This astonishing debut delves into a little-known folk music from Japan: min'yō. Traditionally, min'yō songs are sung by the likes of fishermen, sumo wrestlers and coal miners, and deal with lofty subjects such as praising ancestors, as well as more earthly ones such as drinking. The vocal style is distinctive for its swoops and soarings and its striking rhythms, reinforced by taiko drums. But here, under the direction of founder Katsumi Tanaka, Minyo Crusaders recast these venerable songs in a bold mashup of cumbia, mambo, reggae, Afrobeat and electronic music. Tanaka was inspired to look inward after the devastating Tohoku earthquake of 2011. He subsequently decided to delve into min'yō, and reimagine the genre as dance-oriented, globally savvy pop. He says, “We [Japanese people] may not feel [min'yō] in our daily, urban lives, yet the melodies, the style of singing and the rhythm of the taiko drums are engrained in our DNA,” adding, “the Crusaders are on a mission to bring ‘highbrow’ min'yō back to its ‘lowlife’ roots."
Don’t be thrown by the high concept: Minyo Crusaders have made a delightful album that communicates volumes with no need for translation. “Kushimoto Bushi” sets the mood with swampy, brassy cumbia. There’s a theatrical quality to all the arrangements here. The instruments blare, then step aside for vocalist Freddie Tsukamoto, who commands center stage with a forceful, crystal-clear alto voice in what seems like perfect Japanese enunciation. I’m reminded of Dengue Fever, an L.A. band that has wonderfully reworked Cambodian songs, also featuring an arresting female vocalist.
The magic continues with “Hohai Bushi,” in which a warbling synth siren foreshadows Tsukmoto oscillating vocal to come: “Wooo Hi! Wooo Hi! Wooo Hi!” The song celebrates the returning spirits of ancestors. The groove is Afrobeat, slow and slinky, and the track winds up with playful vocal and brass interplay. “Otemoyan” swerves playfully into reggae, with organic and electronic sounds conversing comfortably, and there is a tough sweetness in female vocalist Meg’s voice, as she evokes a bride’s undying love for her husband’s pockmarked face. From there, the stylistic surprises come fast and furious. “Mamurogawa Ondo” is percussion-driven Latin mambo, Tsukamoto's vocal offsetting the groove with a hymn-like, foursquare melody. “Yasugi Bushi” is a slow waltz with Meg’s pure, bird-like crooning backed by music that might have come from a romantic, jazz-inspired Egyptian film soundtrack: bongos, electric guitar, vibes and shimmering saxophone. “Aizubandaisan” cruises into a fast salsa groove, before ploughing into a cumbia rendition of “Caravan.”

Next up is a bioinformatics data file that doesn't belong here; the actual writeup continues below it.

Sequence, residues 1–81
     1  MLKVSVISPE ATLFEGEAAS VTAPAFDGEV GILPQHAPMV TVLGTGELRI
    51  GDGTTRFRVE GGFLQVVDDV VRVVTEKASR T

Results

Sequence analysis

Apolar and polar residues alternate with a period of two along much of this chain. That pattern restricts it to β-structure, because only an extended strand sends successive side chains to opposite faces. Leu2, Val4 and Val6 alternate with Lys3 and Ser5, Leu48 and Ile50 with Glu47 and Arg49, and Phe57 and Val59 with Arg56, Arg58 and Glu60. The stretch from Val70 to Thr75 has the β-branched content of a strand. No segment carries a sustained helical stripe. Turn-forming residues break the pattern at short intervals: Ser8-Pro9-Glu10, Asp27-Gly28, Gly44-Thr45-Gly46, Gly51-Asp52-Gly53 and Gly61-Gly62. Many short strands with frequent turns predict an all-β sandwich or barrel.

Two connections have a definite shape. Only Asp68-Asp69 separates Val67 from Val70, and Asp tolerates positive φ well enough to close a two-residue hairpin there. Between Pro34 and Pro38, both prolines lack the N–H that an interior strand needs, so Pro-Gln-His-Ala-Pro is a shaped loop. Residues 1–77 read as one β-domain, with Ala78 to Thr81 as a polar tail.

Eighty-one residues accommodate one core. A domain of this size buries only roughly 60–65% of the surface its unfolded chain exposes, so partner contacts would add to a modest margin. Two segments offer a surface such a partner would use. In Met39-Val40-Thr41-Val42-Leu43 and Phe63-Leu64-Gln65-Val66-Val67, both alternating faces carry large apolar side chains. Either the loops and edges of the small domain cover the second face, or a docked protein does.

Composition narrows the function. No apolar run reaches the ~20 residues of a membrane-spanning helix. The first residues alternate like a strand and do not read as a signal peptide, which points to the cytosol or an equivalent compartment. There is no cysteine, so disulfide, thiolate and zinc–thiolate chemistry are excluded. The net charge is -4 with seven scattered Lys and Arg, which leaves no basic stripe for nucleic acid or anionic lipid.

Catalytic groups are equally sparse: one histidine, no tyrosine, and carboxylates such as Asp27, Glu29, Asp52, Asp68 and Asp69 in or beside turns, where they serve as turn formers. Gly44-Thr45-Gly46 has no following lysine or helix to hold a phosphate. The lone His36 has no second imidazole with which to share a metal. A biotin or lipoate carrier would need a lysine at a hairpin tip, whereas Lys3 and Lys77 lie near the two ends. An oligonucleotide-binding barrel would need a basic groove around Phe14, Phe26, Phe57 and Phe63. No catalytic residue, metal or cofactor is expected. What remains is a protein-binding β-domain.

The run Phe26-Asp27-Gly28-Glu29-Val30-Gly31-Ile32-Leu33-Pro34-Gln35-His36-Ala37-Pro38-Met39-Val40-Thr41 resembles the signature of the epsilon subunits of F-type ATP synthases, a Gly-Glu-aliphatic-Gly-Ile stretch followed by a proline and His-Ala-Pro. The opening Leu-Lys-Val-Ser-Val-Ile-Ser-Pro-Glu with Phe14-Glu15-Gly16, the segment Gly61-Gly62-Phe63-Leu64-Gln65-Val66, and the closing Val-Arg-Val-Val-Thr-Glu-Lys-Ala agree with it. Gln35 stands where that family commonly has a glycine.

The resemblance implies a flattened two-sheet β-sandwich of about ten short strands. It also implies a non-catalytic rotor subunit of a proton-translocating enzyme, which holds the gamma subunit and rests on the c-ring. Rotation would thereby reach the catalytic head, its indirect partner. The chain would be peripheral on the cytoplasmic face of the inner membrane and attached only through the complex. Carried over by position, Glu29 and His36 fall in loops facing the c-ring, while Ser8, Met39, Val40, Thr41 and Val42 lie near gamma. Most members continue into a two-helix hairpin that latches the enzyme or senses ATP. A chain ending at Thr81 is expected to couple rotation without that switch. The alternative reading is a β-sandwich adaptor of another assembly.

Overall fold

On the final track, “Sumo Jinku,” Tsukamoto sings alone, a proper min'yō ending with spoken words. Just lovely. This unforgettable album grows deeper with each listen. The vocals seize our attention with each entry, but the instrumental details that hover in the background are equally alluring on a second pass. I don’t offer such praise easily about hybrid-genre groove music. That’s because little of it manages this album’s combination of ease and density of ideas. And it’s hard to imagine a more satisfying invitation into the mysterious world of min'yō.